No, they’re not. They’re really, really, REALLY not.

image

Steven D over at Booman’s place drew my attention to a New York Times piece on the Tea Party that makes me want to pour a quart of gin into a half-empty container of raspberry sorbet and call it breakfast:

The Tea Party movement is as deeply skeptical of big business as it is of big government.

No. No. No. A thousand, a million, a kajillion, a ding-dong-dillion times fucking NO.

As Steven D points out, the article goes on to detail Tea Party group ties with a pro-pollution, anti-workers’ rights foreign paper company and the movement’s big business funding. So why maintain the fiction that the rebranded BushCo dead-enders in patriot drag are “deeply skeptical” of big business?

Well, there are a couple of possibilities: 1) the Times is deathly afraid of being labeled with the horrible, horrible “L” word that NewsCorp has so effectively affixed to its hide that it might as well change its masthead to read “The LIBERAL New York Times.”

Or, 2) The New York Times is a giant media conglomerate and thus has just as much a vested interest in seeing the “populist” movement succeed in shoveling tax breaks to corporations while dismantling workers’ rights as the shady Indonesian paper company and the Koch brothers.

If even our embarrassingly dumb electorate has stopped buying shit in Shinola tins, perhaps it’s time for our embarrassingly dumb media to experience the same epiphany.

Posted by Betty Cracker on 03/31/11 at 08:10 AM • Permalink

Categories: NewsPoliticsBushCoNuttersTeabaggeryOur Stupid Media

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I vote for 1 and 2.

And I wish to subscribe to your Breakfast Concepts newsletter - your ideas in this area intrigue me.

You beat me to it, Betty—thank you.  I was just tearing my hair out about this.

The odd thing is that there’s some OK reporting when you dig into the article.  The teabagger in question is obviously a Randroid who’s been involved in pro-business groups for years. He once conducted a “grassroots” pro-genetically-modified-foods campaign involving petition signatures that (as the reporter learned) were occasionally from dead people, or people who had no idea they’d signed the petition.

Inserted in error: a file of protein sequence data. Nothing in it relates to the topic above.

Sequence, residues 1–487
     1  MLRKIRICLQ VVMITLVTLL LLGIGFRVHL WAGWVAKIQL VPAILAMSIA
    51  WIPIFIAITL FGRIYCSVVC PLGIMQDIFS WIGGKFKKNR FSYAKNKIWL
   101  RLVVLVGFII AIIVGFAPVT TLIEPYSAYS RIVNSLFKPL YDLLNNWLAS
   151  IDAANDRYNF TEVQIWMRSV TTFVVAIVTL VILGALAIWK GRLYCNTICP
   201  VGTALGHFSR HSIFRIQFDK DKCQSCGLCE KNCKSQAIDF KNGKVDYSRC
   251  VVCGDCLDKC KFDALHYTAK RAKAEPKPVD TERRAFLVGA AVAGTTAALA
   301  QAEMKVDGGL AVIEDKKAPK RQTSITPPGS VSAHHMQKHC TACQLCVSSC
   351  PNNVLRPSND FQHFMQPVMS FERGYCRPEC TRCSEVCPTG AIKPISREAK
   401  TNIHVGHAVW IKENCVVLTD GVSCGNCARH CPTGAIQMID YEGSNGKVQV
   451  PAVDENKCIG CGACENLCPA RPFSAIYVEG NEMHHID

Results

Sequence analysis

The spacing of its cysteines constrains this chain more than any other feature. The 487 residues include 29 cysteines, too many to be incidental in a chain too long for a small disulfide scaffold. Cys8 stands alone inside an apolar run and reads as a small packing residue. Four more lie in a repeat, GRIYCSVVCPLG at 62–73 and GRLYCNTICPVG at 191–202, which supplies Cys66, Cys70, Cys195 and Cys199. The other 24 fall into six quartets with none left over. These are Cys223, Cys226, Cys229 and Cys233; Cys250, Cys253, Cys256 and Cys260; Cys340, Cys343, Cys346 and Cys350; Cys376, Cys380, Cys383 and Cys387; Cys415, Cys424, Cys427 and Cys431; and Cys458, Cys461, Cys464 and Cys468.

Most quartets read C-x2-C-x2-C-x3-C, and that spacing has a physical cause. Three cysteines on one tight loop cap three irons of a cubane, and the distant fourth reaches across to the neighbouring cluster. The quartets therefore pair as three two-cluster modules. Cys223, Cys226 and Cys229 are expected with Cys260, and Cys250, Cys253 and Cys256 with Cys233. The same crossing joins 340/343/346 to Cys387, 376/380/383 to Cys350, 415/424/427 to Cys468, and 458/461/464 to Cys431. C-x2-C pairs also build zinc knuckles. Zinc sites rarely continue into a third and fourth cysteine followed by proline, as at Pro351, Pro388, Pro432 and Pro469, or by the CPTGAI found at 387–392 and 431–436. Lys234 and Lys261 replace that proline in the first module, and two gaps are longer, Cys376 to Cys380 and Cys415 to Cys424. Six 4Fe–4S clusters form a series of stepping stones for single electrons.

So the reporter’s reporting chops are not terrible.  It’s the interpretation that makes me want to sigh and weep.

That’s what struck me too, Steve: All the information is right there—fat cat funding, shady business ties, etc., and yet that absurd sentence was included. It’s almost as if the marketing department took over the editorial function to insert subliminal messages. From what reporter friends tell me, that’s not exactly far-fetched these days in some newsrooms.

Hi guys,
you have to try to understand that a short time ago conservatives basically kicked out a huge number of Republicans because the Republicans were only paying mild lip service to the conservative agenda.

The Tea Party came into existence on the grassroots level because conservatives have become so disenchanted with the Republican Party.  The Tea Party is to the Republican Party what the New Left was to the Democratic Party.

As Republicans we used to believe in big business. As conservatives we see that what seems to be half our jobs have been outsourced to foreign countries because the companies can get the job done cheaper in the third world.  There has been a huge exodus from Republicanism with its crony capitalism, and seeing big business almost with the jaundiced eye that it sees big government.

While it could be true that some of the funding organizations have ties to some spurious sources, the average Tea Party believer (not member) is there because of disgust with government and big business.